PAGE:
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Household water treatment: defluoridation of drinking water by using bone char technology in Ethiopia

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conference contribution
posted on 12.02.2018, 15:08 by Samuel Esayas, Michael J. Mattle, Lema Feyisa
The first phase of a collaborative project aims at testing the acceptance and performance of bone charbased fluoride removal filters in Ethiopia. The filters were produced by the Catholic Diocese of Nakuru (CDN), Kenya and supplied to 121 households in two project sites in the Great East African Rift Valley. Each unit was regularly monitored, while providing technical support to all applicants. After a study period of one year, more than 80% of the filters in Meki (Weyo Gabriel) and 100% of the filters in Shashemene (Chalalaka) are in use. None of the users expressed any objections concerning the use of charred animal bones, independent of religious or cultural background. Fluoride removal efficiency of the filters was satisfactory, although lifespan is limited due to very high fluoride concentrations in some of the groundwater sources (up to 23 mg/L). Filter design requires modification for improved performance in Ethiopian communities.
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  • Architecture, Building and Civil Engineering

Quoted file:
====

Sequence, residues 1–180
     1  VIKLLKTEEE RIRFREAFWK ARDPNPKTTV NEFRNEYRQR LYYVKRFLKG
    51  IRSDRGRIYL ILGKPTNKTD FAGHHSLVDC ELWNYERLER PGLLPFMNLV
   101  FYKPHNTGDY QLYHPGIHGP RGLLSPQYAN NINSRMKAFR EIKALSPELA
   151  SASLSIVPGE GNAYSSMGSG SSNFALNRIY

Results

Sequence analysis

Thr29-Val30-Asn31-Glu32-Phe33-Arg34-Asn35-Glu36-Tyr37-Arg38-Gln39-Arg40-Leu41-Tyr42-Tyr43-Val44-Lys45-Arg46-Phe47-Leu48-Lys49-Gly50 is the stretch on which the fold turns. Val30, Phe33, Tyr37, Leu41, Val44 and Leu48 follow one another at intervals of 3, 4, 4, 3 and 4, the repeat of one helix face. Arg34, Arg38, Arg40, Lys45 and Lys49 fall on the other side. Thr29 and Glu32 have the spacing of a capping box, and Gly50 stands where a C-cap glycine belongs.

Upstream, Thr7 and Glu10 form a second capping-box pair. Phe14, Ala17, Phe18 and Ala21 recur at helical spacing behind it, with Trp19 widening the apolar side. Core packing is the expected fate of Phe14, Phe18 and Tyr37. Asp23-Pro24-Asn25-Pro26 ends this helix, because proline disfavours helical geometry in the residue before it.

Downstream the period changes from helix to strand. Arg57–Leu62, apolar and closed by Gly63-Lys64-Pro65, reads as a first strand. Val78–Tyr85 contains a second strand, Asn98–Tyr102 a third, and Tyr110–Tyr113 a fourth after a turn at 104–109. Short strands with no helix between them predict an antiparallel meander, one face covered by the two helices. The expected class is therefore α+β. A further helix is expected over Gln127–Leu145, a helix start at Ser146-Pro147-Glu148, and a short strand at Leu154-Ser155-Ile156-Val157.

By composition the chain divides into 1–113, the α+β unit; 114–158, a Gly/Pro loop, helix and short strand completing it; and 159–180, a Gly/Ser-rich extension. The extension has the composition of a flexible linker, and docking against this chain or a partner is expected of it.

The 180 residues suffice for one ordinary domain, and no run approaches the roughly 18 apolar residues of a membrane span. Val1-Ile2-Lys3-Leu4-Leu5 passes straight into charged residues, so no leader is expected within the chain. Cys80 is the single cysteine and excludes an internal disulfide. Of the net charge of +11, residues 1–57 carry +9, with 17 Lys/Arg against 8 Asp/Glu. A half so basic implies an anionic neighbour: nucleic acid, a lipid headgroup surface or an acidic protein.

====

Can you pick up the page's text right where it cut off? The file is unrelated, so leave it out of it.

Research Unit

  • Water, Engineering and Development Centre (WEDC)

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WEDC Conference

Citation

ESAYAS, S. ... et al, 2009. Household water treatment: defluoridation of drinking water by using bone char technology in Ethiopia. IN: Shaw, R.J. (ed). Water, sanitation and hygiene - Sustainable development and multisectoral approaches: Proceedings of the 34th WEDC International Conference, Addis Ababa, Ethiopia, 18-22 May 2009, 5p.p.

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© WEDC, Loughborough University

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VoR (Version of Record)

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This work is made available according to the conditions of the Creative Commons Attribution-NonCommercial-NoDerivatives 4.0 International (CC BY-NC-ND 4.0) licence. Full details of this licence are available at: https://creativecommons.org/licenses/by-nc-nd/4.0/

Publication date

2009

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This is a conference paper.

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WEDC_ID:10984

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en

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